"We wouldn't send an officer out on the street to serve a warrant or make an arrest without providing them with a firearm or a radio, that vest is just as important," said Sheriff's Colonel John Ostrander.
Whether deputies or officers are working in the court house or a rural part of the county. "If there is an opportunity for them to engage in law enforcement action then there is an opportunity for them to get injured as well and its up to us to do everything we can to ensure they have the best tools available to protect themselves," Ostrander said.
But it's a challenge to make sure everyone has one. Today County Commissions approved the purchase of 82 vests for Dougherty County Police and the Sheriff's Office.
But that won't entirely satisfy the need. With people leaving and the vests having 5-year-life-span, Colonel John Ostrander says they're not quite where they need to be yet.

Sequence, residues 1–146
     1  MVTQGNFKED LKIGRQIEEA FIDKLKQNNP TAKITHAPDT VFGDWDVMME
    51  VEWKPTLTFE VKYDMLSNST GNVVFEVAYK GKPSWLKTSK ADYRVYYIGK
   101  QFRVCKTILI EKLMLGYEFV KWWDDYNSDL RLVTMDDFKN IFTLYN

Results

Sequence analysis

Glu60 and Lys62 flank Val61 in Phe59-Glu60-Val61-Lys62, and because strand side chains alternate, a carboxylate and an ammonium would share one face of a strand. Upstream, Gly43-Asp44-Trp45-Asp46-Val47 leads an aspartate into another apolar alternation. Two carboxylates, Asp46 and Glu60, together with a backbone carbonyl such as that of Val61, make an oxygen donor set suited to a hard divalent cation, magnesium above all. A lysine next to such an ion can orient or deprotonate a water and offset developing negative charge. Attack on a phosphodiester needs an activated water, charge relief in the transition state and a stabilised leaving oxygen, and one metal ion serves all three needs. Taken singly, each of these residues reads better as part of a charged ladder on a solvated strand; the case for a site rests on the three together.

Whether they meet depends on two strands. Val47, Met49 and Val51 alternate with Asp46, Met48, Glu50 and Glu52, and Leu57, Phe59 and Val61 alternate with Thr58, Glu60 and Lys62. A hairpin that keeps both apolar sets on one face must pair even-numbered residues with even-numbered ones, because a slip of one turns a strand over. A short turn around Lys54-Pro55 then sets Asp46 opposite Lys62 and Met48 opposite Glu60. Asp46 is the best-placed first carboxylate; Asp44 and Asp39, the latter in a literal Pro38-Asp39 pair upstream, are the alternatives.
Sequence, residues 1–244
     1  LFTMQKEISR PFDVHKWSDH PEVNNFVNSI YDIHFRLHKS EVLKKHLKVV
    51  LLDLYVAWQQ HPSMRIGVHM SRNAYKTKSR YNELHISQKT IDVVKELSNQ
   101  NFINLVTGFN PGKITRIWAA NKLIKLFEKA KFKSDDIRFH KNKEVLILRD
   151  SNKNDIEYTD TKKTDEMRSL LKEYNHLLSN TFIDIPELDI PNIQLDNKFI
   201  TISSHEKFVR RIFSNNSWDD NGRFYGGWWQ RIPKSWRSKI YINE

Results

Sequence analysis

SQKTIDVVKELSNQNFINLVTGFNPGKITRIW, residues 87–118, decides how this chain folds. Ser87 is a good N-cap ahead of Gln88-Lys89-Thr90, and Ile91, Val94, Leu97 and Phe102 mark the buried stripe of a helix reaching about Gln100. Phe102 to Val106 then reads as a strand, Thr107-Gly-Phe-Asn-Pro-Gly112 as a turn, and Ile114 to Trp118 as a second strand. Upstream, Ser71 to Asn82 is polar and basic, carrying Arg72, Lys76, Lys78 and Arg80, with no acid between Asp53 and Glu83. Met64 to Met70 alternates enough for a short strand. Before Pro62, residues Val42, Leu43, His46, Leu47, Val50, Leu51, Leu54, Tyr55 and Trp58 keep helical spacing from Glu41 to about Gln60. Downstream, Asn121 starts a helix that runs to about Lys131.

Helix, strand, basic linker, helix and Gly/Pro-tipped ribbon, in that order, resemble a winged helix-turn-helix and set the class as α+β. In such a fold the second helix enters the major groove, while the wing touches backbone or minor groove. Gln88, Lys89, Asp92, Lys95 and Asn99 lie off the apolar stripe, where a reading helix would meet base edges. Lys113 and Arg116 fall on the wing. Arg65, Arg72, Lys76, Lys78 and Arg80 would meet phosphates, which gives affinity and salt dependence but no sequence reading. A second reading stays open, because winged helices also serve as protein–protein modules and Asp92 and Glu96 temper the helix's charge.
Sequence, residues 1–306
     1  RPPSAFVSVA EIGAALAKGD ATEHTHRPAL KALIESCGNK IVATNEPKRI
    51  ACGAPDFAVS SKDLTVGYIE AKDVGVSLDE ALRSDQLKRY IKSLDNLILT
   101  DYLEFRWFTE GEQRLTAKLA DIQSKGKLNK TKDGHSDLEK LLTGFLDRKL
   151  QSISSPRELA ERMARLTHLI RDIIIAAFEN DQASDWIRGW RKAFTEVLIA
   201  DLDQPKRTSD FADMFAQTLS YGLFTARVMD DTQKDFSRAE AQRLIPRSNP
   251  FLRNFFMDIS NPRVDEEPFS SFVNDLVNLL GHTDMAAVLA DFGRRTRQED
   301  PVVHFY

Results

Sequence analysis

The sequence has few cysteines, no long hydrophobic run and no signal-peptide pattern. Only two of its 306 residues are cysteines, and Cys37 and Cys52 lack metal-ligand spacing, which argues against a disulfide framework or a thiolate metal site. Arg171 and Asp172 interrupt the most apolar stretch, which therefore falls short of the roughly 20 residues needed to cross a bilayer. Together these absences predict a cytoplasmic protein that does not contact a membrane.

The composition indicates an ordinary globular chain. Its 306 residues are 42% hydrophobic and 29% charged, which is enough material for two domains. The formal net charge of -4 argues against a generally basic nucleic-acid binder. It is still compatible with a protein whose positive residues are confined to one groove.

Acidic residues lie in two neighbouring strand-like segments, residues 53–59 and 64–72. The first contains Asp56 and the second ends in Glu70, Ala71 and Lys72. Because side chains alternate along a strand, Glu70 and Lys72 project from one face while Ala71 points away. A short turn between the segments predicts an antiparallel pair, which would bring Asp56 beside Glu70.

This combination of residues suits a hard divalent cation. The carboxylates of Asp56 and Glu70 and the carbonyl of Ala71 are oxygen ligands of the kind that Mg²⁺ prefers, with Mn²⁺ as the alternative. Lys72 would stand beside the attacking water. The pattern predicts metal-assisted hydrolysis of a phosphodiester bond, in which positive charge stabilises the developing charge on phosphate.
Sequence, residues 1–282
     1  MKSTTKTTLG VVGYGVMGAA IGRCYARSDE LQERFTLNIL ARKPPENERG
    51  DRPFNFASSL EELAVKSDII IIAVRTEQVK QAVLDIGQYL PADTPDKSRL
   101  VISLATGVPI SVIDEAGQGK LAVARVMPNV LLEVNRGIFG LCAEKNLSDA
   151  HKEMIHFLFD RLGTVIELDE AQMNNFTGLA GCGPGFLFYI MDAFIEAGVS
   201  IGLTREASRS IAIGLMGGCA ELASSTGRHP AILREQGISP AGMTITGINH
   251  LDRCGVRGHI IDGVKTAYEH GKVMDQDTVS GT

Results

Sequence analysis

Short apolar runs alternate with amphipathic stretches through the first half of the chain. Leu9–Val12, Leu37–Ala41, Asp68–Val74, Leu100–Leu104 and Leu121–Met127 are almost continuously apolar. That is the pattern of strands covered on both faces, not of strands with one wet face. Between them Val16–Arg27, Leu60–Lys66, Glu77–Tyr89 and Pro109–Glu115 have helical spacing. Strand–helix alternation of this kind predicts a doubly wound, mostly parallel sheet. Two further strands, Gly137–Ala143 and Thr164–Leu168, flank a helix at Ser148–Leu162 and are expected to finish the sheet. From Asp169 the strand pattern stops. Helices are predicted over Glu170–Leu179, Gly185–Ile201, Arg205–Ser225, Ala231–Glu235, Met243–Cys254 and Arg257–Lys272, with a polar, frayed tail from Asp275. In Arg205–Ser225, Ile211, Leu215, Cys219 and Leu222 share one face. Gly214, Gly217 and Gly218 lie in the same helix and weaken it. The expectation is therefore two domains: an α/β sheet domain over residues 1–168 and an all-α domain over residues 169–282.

"So each year we are trying to purchase new vests for deputies that don't have them currently issued and purchase replacement vests for deputes whose vests are expiring this year."
Right now they prioritize, so deputies serving warrant have vests, while people who are doing primarily administrative duties don't.
"We would never want to face a spouse or family member of an officer that fell in the line of duty and answer the question why didn't we issue them a vest."
Grant money will help pay for half of the cost of the vests for the sheriff's office.
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